• Web20BookStudy Social Network - I set this up specifically for our book study - I will be sending you an invite for this one - please accept it and join. It is my hope that, we as a group, will use this on a regular basis even after this book study is completed.
  • Twitter - Fast becoming a favorite - Click here to view "New to Twitter?"
  • I use TweetDeck to keep up on my Twitter and LinkedIn updates. TweetDeck is a personal browser for staying in touch with what’s happening now, connecting you with your contacts across Twitter, Facebook, LinkedIn and more.

If you are interested about Twitter, please read, A Teacher's Guide to Twitter. If you want to get a better understanding on what Twitter is all about, please visit the following Twitter Bookmarks as well as Twitter in the Classroom. Here ae some great Educational Hash tags to follow. Still not sure who to follow on Twitter? Please visit the followingpost. Make sure to check out the Complete Guide to Twitter too.Also, please check out the video from YouTube, Twitter in Plain English.
If the below embedded video does not open at school, please click on the above link.

OPTIONAL: If you get a chance, please read over the following educational social networking sites. Very Informative.

Social Bookmarking:
Please view the below video, Social Bookmarking in Plain English (Direct link to YouTube)
If the below embedded video does not open at school, please click on the above link.

There are two main social bookmarks that are mentioned in this chapter; Delicious and diggo. Both are very good and I believe, it will come down to personal preference.
Delicious has updated their site and have made it more user-friendly. Please view the video below (direct link). As well as click here to view their help section.

Diigo has an Educator's Account which you may want to consider applying to. These are special premium (FREE) accounts provided specifically to K-12 & higher-ed educators. Once your Diigo Educator application is approved, your account will be upgraded to have these additional features:
  • You can create student accounts for an entire class with just a few clicks (and student email addresses are optional for account creation)
  • Students of the same class are automatically set up as a Diigo group so they can start using all the benefits that a Diigo group provides, such as group bookmarks and annotations, and group forums.
  • Privacy settings of student accounts are pre-set so that only teachers and classmates can communicate with them.
  • Ads presented to student account users are limited to education-related sponsors.

I suggest you visit each bookmark cloud tags (which maybe found here on the wiki) and see for yourself. Check out these sites on each social bookmark:

Additionally, if you perform a search on YouTube you will find many, many more resources on Diigo.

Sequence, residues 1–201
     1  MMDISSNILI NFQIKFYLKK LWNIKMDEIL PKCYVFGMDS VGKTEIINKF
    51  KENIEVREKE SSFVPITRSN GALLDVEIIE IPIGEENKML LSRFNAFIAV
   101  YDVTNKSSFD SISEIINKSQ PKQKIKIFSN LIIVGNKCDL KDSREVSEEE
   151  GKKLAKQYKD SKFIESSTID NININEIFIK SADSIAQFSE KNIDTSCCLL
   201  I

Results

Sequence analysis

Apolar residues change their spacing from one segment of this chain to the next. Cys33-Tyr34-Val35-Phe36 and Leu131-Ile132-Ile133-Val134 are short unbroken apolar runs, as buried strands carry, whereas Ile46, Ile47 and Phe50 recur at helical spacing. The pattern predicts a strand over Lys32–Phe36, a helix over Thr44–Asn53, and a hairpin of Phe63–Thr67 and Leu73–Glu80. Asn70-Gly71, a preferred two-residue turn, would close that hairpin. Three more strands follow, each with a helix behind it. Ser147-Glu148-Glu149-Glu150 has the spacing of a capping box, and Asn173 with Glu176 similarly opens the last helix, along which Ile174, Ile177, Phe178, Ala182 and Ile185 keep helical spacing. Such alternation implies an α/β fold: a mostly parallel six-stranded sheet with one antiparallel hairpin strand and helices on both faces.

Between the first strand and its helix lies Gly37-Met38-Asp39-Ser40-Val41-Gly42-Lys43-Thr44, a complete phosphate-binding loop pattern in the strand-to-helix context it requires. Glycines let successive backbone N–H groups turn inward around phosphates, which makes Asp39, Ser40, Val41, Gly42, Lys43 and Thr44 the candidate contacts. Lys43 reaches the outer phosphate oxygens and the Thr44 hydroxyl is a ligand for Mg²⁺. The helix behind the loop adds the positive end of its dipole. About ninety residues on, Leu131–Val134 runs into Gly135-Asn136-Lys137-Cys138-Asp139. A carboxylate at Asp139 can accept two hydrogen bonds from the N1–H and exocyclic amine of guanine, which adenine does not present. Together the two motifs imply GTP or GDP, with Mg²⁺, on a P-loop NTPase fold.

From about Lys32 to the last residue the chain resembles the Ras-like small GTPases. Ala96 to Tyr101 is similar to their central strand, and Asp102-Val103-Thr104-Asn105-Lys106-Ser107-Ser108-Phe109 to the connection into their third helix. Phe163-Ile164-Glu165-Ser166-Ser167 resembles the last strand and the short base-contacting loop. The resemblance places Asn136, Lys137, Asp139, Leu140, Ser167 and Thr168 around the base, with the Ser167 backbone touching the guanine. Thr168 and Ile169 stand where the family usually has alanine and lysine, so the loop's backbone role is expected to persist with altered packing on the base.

Although, Pinterest was not created when Will Richardson wrote his 3rd is definetly worth a write up!Pinterest is the newest, fastest growing social bookmarking site where users collect and share photos of their favorite events, interests and hobbies online. I have to admit, I like it so much more than Delicious and Diigo.
If you are not familiar with Pinterest (or if you are a male and think it is too girlie) please, do not dismiss it - as it really can provide a wealth of resources for educational resources. Just take a look at my Pinterest Boards. You will see the majority of it is related to my field of interest - Educational Technology. I have come across so many resources - it truly is....mind boggling! I find myself using Pinterest more than Diggo and Delicious! I encourage you to visit my board, Pinning for Pinterest and take a gander of the below pins:

  • 16 Ways Educators Can Use Pinterest
  • 37 Ways Teachers Should Use Pinterest
  • 4 Ways Educators Use Pinterest
  • Educators Guide to the Use of Pinterest in Education

Assignments for Chapter 6: Due 11Nov13

  • Read Chapter 6.
  • Please view the 0_VoiceThread (Web 2.0 app of the week) tab in the wiki (This will show you a screenshot on how to navigate in VoiceThread). Towards the bottom of that page, you may locate three pdf's which may be helpful to you about VoiceThread. Additionally, you may locate a How to Section on VoiceThread as well as some great resources on my Diggo bookmarks.
    • Please view this video, "What is Voicethread?"
    • Sign up for an account then (at a later time) contact VoiceThread to apply for a FREE educator's account.
    • Please set up your identity (profile for VoiceThread once you signed up)
  • Please view the below embedded VoiceThread and click on my picture to view the comments/assignment for each slide BEFORE you respond.
  • evans_voicethread6.jpg
  • Please answer the three discussion questions. Please do not post on the first slide as this is just an intro slide.
  • Direct link to the below VoiceThread.

  • Set up a Social Bookmark account with either Diigo or Delicious and begin utilizing/bookmarking sites. Make sure to check out the Settings tab.
  • Take a screenshot of your social bookmark site. (Your log in name should be visible on the screenshot) See the below example: Upload it to your Documentation wiki page.
  • evans_fall 2013_paricipants.png
  • evans_social_bookmarks.png
  • Please join the following social networking groups.
      • Classroom 2.0. - (I will send you an invite.)
      • Web 2.0 Book Study Social Network - (I will be sending you an invite.)
      • Linked In (optional) – Professional network (I will send you an invite. Again, LinkedIn is optional to join.)
      • Twitter (optional) - If you do decide on setting up a Twitter account, please let me know so I may follow you.
  • Set up your profile for the 2 social networks. (Click on the link - profile for the 2 social networks - for screenshot examples - At least add your photo to each social network.)
  • On the Web 2.0 Book Study Social Network Ning, please comment to the the following post, "What are your thoughts about using Facebook in the educational setting?".
  • K_evans_web 20Ning.png

  • Using the free program, Jing ( ) make a screenshot/snapshot of your profile for the two social networks you just joined. (Classroom 2.0 and Web 2.0 Book study Social Network).
  • Upload these screenshots/snapshots to your wiki page as documentation. Please see the my documentation example page.
  • LinkedIn - should you choose to join. (Here is an example of my profile for LinkedIn)

Optional: Visit links from Chapter 6: